I’ve got so much I want you to know, but limited time and space to communicate it. However, there is one final thing I will add; a mission is always going to be spread by people, not paper. Therefore it is critical that you build a team and go on a profound collaborative journey that at the end of the day taps into the collaborative genius of your leaders.
Join me on March 5, at 2 PM EST for our monthly webinar. This month we will address the DNA of a Disciple-Making Mission. You can register for this free webinar by clicking the image below!
“Therefore go and make disciples of all nations, baptizing them in the name of the Father and of the Son and the Holy Spirit, and teaching them to obey everything I have commanded you. And surely I am with you always, to the very end of the age” (Matthew 28:19-20).
Disciple making is our one and only mission, as a church. This mission-based pursuit means that our measure of success is more and better disciples that are making more and better disciples. More and better disciples means have a growing pipeline, when it comes to disciples. A generic disciple-making pipeline consists of pre-disciples, new disciples, growing disciples, multiplying disciples, and catalyzing disciples. Therefore, a healthy pipeline means that we have a healthy number of disciples at every level, as described in the chart below.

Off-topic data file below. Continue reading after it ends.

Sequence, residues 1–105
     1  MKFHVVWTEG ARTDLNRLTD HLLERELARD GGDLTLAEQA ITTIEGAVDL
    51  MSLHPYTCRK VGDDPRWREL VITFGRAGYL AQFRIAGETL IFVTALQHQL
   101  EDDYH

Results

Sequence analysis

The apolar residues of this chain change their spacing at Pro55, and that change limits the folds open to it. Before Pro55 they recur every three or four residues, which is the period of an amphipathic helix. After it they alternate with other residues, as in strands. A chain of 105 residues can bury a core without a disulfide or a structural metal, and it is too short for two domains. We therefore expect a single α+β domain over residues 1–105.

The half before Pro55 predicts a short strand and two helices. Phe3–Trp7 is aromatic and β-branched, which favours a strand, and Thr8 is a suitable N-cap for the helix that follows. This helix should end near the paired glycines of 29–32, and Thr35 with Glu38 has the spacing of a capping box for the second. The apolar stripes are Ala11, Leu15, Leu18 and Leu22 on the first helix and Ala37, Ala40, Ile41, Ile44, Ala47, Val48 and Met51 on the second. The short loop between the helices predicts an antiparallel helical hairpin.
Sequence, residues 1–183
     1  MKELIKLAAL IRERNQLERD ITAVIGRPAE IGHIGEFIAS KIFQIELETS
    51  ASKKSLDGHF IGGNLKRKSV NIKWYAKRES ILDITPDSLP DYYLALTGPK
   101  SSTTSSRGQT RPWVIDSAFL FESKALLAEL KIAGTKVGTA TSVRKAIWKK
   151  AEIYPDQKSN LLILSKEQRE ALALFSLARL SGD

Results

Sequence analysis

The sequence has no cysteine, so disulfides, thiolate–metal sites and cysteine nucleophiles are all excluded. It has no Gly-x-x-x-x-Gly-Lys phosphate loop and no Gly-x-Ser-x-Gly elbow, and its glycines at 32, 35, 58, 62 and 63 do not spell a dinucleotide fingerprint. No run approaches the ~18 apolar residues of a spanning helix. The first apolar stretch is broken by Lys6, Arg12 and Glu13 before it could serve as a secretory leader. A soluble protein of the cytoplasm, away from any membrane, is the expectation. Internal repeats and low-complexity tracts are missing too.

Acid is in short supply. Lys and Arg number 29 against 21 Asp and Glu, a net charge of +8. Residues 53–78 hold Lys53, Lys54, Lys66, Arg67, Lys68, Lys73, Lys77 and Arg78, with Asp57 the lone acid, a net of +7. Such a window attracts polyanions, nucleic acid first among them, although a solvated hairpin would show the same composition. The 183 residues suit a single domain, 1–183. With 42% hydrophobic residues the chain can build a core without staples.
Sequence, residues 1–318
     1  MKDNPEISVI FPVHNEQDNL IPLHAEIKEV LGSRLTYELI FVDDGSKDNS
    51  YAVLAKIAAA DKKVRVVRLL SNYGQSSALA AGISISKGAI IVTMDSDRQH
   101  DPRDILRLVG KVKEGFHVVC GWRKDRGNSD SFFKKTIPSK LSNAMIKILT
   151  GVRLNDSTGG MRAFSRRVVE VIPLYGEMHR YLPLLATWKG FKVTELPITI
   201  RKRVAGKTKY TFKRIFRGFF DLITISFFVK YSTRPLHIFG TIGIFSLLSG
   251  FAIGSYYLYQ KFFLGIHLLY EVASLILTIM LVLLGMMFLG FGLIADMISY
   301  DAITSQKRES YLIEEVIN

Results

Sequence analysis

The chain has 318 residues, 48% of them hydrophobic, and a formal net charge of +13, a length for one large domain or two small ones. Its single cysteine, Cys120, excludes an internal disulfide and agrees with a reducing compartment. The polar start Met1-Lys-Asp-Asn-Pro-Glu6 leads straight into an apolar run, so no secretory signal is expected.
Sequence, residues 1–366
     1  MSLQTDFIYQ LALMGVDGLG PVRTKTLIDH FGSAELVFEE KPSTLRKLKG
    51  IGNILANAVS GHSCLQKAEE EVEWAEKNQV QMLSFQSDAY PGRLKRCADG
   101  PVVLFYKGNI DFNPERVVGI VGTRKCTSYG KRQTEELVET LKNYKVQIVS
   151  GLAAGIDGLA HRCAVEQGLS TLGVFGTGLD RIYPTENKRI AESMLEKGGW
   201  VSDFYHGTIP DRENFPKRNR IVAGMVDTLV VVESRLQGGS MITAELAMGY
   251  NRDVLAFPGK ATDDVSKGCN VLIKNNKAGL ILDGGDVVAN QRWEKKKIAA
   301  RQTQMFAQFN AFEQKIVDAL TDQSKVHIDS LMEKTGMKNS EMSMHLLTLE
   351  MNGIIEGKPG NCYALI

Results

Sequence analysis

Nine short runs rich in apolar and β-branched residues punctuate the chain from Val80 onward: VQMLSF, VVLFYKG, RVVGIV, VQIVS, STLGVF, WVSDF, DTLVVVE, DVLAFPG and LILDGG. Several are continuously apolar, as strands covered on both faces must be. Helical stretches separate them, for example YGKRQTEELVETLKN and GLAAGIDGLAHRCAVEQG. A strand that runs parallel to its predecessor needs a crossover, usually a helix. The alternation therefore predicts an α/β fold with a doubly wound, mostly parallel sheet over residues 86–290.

The Disciple-Making Pipeline can be a good tool for assessing your overall effectiveness when in comes to making more and better disciples. A simple place to begin an assessment is by identifying the percentage of individuals that fall into each of these categories that attend your Sunday Morning Gathering. In a healthy disciple-making culture the results may look more like a normal bell curve.
The Disciple-Making Pipeline is one tool, among others, when it comes to assessing our overall health and effectiveness in the area of a disciple-making culture. Other areas that you will want to include in an assessment are culture, leadership, mindset, and strategy.
Join us on February 5, 2019, at 2 PM for our free Webinar on Assessing Our Disciple-Making Culture We will also be releasing an updated, Disciple-Making Assessment.
Click the image below to register!
Assess Your Disciple-Making Culture
Today we are having more conversations and producing more and better resources when it comes to disciple-making, but we are mostly getting the same results. Why? Because we don’t have a disciple-making problem, we have a disciple-making culture problem. The current operating system we are running in our churches are designed to provide religious services for religious people, and until we install a new system, we are going to see minimal results, no matter what the programming or strategy.
Zooming out and doing an assessment of our current culture around the five vital disciple-making questions is a significant first step. These questions include:
• What is our disciple-making mission?
• What are our disciple shaping values?
• What is our disciple-making strategy?